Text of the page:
O&P Library > Orthotics and Prosthetics > 1958, Vol 12, Num 4 > pp. 33 - 35

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Modification Forrester-Type Combination Cervical And Sturdy Body Brace Developed

Hugh L. Williams, M.D.
T.M. Davidson, C.O.

Dr. Williams: Long dissatisfied with the "Minerva jacket" cast both because of its discomfort and my own personal inability to get a fit that I liked, I was interested in a paper presented in Banff, Alberta, Canada at the American Orthopaedic Association three years ago. This presented, as a sidelight, a brace new to me, combining the Forrester-type occipito-mental neck brace with a sturdy body brace, and being used post reduction in neck fractures, dislocations and arthrodesis.

When I wrote to the author of the paper, Dr. Hira Branch of Grand Rapids, Michigan, he kindly sent me a diagram of this brace. Since then, I have been using it, or our present modification, for all of my own neck fractures, dislocations and arthrodesis.

The original brace ( Fig. 1 ) had eight-inch horizontal bars on chest and pelvis on the anterior half and the same eight-inch bars superiorly and inferiorly on the posterior half. After three clinical trials, it was found that this allowed a great deal of "play" which alarmed me both from the Stability and from the discomfort of the straps passing over or around the anterior superior spines of the pelvis. I took my problem to my Orthotist, Mr. Theron M. Davidson, of the Indiana Brace Shop at Indianapolis, who immediately came up with what we have fell is a good solution. As shown in Figure 1, it is a pelvic band in place of the inferior eight-inch bar on the posterior half of the brace.

Of course, we cannot claim complete comfort of the brace, but since this addition, the brace has given much less discomfort. Compared to my own "Minerva jacket" both the relative support and the comfort of the patient has been much enhanced ( Fig. 2 ). I also note that a great number of our other local Orthopaedic Surgeons have adopted it. And, since a recent clinical demonstration at the Indiana State Orthopaedic Society Meeting, Mr. Davidson and I have been receiving many requests for diagrams from other Orthopaedic Surgeons and Orthopaedic Appliance Manufacturers.

I personally have used it on seven cervical spine arthrodesis, five acute fractures or dislocations of the cervical spine and one osteomyelitis of the cervical spine. Six of the arthrodesis have now completed their period of fixation and are completely successful with position maintained perfectly; the other case is less than six weeks since surgery.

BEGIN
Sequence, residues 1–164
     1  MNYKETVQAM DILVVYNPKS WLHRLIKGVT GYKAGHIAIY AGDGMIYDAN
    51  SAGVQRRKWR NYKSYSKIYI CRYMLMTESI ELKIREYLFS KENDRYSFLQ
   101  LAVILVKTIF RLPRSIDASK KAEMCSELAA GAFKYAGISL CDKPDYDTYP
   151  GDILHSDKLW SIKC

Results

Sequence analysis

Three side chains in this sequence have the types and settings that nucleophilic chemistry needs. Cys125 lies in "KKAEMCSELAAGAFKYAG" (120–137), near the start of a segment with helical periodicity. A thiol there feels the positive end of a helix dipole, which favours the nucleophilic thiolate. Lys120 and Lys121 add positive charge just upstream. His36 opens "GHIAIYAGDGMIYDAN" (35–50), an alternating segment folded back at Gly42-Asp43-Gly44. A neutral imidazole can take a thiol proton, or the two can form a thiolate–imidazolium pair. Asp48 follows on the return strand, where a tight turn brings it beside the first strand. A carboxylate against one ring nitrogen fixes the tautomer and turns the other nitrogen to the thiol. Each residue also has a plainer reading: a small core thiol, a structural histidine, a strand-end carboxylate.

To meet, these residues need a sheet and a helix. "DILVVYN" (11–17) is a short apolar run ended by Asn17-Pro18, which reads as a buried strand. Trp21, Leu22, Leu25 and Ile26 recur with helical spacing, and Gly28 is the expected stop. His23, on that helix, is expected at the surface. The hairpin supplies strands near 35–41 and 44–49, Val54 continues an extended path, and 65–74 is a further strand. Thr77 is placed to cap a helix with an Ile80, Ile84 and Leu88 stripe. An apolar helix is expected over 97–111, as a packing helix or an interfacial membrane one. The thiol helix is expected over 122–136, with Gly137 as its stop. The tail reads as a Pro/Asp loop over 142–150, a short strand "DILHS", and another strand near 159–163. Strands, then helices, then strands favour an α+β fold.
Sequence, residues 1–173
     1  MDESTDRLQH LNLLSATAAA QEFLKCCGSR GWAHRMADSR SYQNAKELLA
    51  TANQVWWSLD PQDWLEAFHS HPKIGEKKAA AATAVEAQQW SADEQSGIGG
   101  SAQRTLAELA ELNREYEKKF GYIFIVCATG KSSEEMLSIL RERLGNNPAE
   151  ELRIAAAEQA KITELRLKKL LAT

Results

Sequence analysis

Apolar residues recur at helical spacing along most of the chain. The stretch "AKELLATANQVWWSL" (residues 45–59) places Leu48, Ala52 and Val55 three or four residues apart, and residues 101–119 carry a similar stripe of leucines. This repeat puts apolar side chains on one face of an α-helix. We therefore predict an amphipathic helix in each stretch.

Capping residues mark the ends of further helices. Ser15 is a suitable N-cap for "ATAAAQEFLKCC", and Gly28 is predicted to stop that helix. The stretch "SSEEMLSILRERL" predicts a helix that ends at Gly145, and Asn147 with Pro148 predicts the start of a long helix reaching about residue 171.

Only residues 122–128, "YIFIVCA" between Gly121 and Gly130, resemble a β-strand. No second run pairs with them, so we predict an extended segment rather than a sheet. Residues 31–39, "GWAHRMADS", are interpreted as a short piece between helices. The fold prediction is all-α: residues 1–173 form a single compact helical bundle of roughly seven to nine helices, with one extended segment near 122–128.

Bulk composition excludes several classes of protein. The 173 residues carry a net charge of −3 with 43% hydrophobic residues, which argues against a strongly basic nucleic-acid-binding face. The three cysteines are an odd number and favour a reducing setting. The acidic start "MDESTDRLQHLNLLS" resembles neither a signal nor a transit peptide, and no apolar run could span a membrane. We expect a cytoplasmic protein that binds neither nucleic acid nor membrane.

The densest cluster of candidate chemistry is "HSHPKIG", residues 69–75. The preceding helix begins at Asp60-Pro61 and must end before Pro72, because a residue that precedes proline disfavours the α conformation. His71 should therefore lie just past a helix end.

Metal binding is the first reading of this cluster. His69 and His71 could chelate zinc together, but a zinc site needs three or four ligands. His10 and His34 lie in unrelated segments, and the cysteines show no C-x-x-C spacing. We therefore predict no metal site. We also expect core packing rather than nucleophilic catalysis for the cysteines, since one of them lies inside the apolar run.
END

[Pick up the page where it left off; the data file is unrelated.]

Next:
Four of the five acute traumatic cases showed perfect maintenance of position. The other case showed some evidence of anterior subluxation before the brace was applied and developed another 20 after being placed in the brace. I do not believe this was the fault of the brace, since we were able to control the neck's position excellently in the brace.

The osteomyelitis was in an aged person in which further surgery was almost an impossibility because of surgical risk. The brace maintained the position excellently for over a month with evidence of bone healing and no further destruction of bone when the patient expired of a concurrent subdural abscess which had been a complication before the brace was applied.

Personally, I have been most satisfied with the stability and comfort afforded by this brace. Although the Minerva jacket still has its place in dealing with some children, recalcitrants and mental cases that cannot be trusted with buckles and straps, I do not plan to use it again unless forced to. My heartfelt thanks go to Dr. Branch and Mr. Davidson for the modified brace, truly a useful addition to my armamentarium of Orthopaedic Appliances.

T. M. Davidson. C.O. The metal work involved in the brace discussed by Dr. Williams consists of the following parts: Starting from top to bottom, the occiput and chin rest is of the four-poster Forrester type. We make our four tubular adjustment tubes of steel, l/4" I.D. x 3/8" O.D. Tubes average about six inches in length, according to the size of the patient. The tubular adjustment tubes are riveted to the thoracic and sternum plates, made of .072 1 1/2" x 8" 2024-T3 aluminum. Bilateral anterior and posterior upright bars are riveted to thoracic and sternum plates with a spread of five inches, bar stock 3/4" x 3/16" oval 24 S.T. aluminum. The pubic plate is riveted to the anterior uprights 1 1/2" x 6 1/2" x .072 2024-T3 aluminum. Butterfly pelvic band 1/4" x .072 2021-T3 aluminum is riveted to posterior uprights. All of these parts are interchangeable.

The leather work consists of: sponge rubber padding lined with pearl horsehide, and covered with smoked elk. Adjustments are made of 1 1/2" non-elastic webbing. The leather work covers the pubic plate, extending leather well below metal plate, approximately 3l/2" at center of plate, tapering to 2 1/4" at groin, allowing freedom of leg movement. The pelvic band, sternum plate, and thoracic plates are covered with leather, well padded with sponge rubber, and lined with pearl horsehide. The uprights are slotted for adjustment purposes and to attach l l/2" non-elastic webbing. Shoulder straps are one-inch non-elastic webbing covered with one-inch plastic tubing. Axilla webbing strap attaching thoracic plate to sternum plate is also covered with plastic tubing. All buckles, both one-inch and one-and-one-half inch, are the safety-type buckle with metal tuck loop.

This modified brace can be applied to patient while on a Stryker frame.

Hugh L. Williams, M.D., 4829 E. 38th St., Indianapolis, Ind. Theron M. Davidson, C.O., Indiana Brace Shop, 72 West New York St., Indianapolis, Indiana.

O&P Library > Orthotics and Prosthetics > 1958, Vol 12, Num 4 > pp. 33 - 35

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